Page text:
While inspiring in its undeniable momentum, the emergence of this Ecological Jurisprudence is arguably even more significant for the theoretical possibilities it entails: as suggested elsewhere, ‘nature and rights are contested concepts with negotiable meanings,’ and thus scholars should be fully aware of the fact that the yet largely indeterminate terrain occupied by the theory and practice of Ecological Jurisprudence may be already heavily ‘inscribed by humanist precepts of what “rights” and “nature” might consist of’, but, that notwithstanding, the proposal is replete with theoretical possibilities. The invitation to an Ecological Jurisprudence thus represents a novel – and yet timeless – theoretical terrain in which different legal ontologies can re-imagine the interaction between humans and the great non-human other with and within which we all share our very existence.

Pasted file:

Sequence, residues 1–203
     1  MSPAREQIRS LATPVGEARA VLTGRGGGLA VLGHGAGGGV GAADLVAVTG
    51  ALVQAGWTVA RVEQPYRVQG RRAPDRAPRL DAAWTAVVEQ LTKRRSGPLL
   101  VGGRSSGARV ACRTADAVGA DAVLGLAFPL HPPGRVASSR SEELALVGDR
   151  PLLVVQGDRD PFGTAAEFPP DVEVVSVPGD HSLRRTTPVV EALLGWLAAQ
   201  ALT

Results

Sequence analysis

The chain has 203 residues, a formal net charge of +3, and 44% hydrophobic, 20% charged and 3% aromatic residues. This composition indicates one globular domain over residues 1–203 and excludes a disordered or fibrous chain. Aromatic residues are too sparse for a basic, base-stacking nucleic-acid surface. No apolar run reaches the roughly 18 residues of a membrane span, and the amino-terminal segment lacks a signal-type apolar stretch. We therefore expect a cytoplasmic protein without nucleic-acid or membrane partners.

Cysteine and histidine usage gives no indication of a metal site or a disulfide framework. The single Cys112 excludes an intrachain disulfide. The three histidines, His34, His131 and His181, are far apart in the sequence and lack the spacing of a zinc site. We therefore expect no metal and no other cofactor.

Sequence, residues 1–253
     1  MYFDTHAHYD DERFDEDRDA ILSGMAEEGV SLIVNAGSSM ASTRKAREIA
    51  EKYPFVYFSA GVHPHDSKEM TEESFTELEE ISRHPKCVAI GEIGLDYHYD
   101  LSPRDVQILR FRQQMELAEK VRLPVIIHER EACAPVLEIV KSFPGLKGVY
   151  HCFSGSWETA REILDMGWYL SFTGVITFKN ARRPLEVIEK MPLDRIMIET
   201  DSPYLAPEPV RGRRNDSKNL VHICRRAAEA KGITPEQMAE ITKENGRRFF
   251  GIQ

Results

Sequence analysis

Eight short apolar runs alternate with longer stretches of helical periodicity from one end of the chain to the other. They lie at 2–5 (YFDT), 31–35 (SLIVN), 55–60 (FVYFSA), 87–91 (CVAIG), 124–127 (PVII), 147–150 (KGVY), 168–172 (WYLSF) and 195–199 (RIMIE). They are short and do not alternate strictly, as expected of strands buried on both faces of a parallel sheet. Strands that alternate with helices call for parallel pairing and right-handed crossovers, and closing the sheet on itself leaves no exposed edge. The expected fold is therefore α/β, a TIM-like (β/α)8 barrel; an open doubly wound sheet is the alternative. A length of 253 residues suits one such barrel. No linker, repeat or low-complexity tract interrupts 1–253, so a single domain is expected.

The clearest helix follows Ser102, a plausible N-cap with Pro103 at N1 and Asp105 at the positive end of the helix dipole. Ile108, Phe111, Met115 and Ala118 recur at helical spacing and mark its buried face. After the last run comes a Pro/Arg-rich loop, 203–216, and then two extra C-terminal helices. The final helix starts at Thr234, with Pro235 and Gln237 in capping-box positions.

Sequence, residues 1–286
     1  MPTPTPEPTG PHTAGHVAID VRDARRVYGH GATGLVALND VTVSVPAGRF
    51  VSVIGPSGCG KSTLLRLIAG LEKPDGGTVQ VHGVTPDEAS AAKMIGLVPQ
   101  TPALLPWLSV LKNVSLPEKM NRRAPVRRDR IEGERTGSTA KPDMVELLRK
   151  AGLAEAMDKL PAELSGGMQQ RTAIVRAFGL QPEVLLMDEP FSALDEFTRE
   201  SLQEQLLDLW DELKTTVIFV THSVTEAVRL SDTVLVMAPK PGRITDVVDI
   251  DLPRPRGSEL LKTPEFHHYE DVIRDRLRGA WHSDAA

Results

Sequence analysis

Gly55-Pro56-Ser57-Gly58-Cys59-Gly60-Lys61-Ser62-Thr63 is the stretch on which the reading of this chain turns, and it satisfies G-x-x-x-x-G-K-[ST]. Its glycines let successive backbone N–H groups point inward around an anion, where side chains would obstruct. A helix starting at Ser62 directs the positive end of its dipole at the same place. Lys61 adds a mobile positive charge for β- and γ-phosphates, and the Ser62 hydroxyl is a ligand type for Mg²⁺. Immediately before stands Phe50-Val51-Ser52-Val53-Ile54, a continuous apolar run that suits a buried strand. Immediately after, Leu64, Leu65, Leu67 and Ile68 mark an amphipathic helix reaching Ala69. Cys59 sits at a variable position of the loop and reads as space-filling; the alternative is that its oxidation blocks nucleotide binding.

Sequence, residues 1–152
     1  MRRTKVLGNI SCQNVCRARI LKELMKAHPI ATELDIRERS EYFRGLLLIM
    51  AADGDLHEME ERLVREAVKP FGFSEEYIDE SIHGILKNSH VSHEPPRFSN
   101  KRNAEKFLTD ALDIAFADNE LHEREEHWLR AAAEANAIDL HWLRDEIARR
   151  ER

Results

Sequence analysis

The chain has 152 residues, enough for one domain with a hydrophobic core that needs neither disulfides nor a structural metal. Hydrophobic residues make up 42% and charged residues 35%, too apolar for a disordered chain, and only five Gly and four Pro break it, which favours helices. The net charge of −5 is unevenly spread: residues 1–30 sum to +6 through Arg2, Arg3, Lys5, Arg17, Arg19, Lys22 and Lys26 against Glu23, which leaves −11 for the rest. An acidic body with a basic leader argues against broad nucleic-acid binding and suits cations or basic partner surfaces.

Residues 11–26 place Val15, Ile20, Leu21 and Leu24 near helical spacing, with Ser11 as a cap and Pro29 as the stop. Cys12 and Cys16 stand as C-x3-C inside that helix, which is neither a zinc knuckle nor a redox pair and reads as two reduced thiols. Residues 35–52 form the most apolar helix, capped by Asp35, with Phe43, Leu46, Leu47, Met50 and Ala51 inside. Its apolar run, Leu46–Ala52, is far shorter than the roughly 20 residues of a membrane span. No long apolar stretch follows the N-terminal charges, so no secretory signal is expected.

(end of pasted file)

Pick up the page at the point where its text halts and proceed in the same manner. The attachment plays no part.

Dr Alessandro Pelizzon is a Senior Lecturer in the School of Law and Justice. Alessandro completed his LLB/LLM in Italy, specialising in comparative law and legal anthropology with a field research project conducted in the Andes. His PhD thesis, conducted in Australia, focused on native title and legal pluralism in the Illawarra. Alessandro has been exploring the emerging discourse on rights of nature, Wild Law and Earth Jurisprudence since its inception, with a particular focus on the intersection between this emerging discourse and different legal ontologies. He is one of the founding members of the Global Alliance for the Rights of Nature and of the Australian Earth Laws Alliance, and has organised and participated in a great number of events and initiatives related to this emerging field, both in Australia and internationally. Alessandro’s main areas of research are legal anthropology, legal theory, comparative law, ecological jurisprudence, sovereignty, and Indigenous rights.